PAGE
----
After a standout performance in qualifiers, and six athletes through to finals, the team headed to the Moscow Palace of Gymnastics on Friday evening to battle it out for podium places on the main lead wall.
First out was Jesse Dufton in B1. Working with his sight-guide, Molly, he climbed smoothly and methodically through the sustained first section of his final route. The previous climbers had set the tone for a strong round with Aita Sho of Japan topping the route, but despite an error low down Jesse held his own and secured the bronze medal. Next, Richard Slocock, B2, climbed comfortably through the pumpy steep sections, but fell at a tough gaston crimp just before the headwall, securing second place and the silver medal.
Describing his experience, Rich said: "The 2021 World Championships was a great event, after a tense run up. Although I had hoped to take gold in the B2 category, the silver medal is still a great result. The final was amazing and the wall was incredible, and this mixed with an incredibly supportive and close GB team made for a fantastic trip."
Abbie Robinson set out next to defend her world champion title on a technical, crimpy route. The route proved no match for her despite a recent finger injury, and she topped the route comfortably for the win, remaining undefeated for another year.
In the RP sport classes, I was set for a close battle with French athlete and AU2 world champion Solenne Piret. After climbing smoothly through the first two thirds of the route, I reached the high point before coming off at the powerful crux, with Solenne advancing two moves further securing gold ahead of me. Martha was the next athlete to put in an impressive performance in the RP3 final, cruising the first half of the route at a confident pace before an unexpected slip, but securing the team's third silver medal of the night.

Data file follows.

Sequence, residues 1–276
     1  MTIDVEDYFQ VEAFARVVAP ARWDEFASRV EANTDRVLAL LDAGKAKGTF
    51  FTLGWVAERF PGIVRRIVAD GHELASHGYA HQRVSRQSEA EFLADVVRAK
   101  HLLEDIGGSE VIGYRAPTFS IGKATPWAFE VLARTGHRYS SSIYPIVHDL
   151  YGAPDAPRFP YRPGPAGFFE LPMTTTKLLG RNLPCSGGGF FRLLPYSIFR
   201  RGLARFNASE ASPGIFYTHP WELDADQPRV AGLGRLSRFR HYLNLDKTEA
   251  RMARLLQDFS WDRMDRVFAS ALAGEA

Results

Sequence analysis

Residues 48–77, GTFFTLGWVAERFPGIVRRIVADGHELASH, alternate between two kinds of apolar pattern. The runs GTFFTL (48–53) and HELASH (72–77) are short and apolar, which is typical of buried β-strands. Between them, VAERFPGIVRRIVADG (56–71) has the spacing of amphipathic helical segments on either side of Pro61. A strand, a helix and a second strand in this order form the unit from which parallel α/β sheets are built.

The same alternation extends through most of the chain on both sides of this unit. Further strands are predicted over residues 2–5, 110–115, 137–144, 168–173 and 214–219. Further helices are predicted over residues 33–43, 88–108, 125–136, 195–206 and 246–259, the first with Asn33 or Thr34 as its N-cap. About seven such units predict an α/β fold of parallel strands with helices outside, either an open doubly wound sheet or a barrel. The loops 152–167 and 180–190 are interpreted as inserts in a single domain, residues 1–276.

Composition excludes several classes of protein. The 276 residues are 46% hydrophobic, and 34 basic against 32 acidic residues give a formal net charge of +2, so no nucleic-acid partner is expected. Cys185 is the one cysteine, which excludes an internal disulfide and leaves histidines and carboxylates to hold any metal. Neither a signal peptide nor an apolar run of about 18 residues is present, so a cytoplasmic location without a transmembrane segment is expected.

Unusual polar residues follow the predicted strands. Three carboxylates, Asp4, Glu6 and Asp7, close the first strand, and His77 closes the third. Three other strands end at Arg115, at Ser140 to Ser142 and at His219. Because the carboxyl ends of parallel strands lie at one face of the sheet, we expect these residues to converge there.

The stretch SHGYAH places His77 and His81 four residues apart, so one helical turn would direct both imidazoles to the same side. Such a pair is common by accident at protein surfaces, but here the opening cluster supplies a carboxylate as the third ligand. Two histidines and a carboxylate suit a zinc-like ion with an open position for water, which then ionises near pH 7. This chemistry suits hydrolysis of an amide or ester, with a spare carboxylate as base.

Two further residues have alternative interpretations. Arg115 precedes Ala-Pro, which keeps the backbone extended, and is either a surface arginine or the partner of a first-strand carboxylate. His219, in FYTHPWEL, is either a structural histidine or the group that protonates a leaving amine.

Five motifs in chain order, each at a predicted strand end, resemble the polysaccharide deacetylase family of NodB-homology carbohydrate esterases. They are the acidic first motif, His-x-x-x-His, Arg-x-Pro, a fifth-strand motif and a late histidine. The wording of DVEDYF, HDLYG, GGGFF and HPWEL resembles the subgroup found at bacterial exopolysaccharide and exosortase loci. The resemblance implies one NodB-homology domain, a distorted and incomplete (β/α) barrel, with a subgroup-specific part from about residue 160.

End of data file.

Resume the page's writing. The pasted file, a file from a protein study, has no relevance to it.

Matt Phillips was next out on a burly, complex route. After a tough qualifying round, Matt put in his usual strong performance to reach the high point of the night in an incredible feat of endurance. With just two athletes left to come out, it was bound to be close but both climbers fell before the headwall and Matt was the second GB athlete of the night to take the top spot on the podium for the third World Championships running.
Six medals for six finalists is testament to the hard work the team has put in over the past two years, and the progress that's been made in the standard of UK paraclimbing thanks to the efforts of many to develop the sport.
Reflecting on the competition, Abbie said: "It was great to be back competing again with the atmosphere of an international comp. One thing that always strikes me about paraclimbing is the level of support all athletes have for other teams and fellow competitors and it was great to be back amongst that after so long. I really hope that showcasing the standard of paraclimbing on a stage like this will help the sport grow further."
Jamie Vardy, GB Paraclimbing coach, said of the team's performance:
"I found classifications really challenging at times. Especially with the additional climbing session and then qualification scrutiny, although I now understand more about why it was handled that way. It was amazing to be part of the qualifications and finals, especially at that finals venue. There were some amazing moments.
"I'd say the biggest thing for me though was the conversations we had, building the relationships and understanding how people arrive at a Paraclimbing World Championships. This definitely felt the most impactful for me as a coach."
Watch the finals replay below: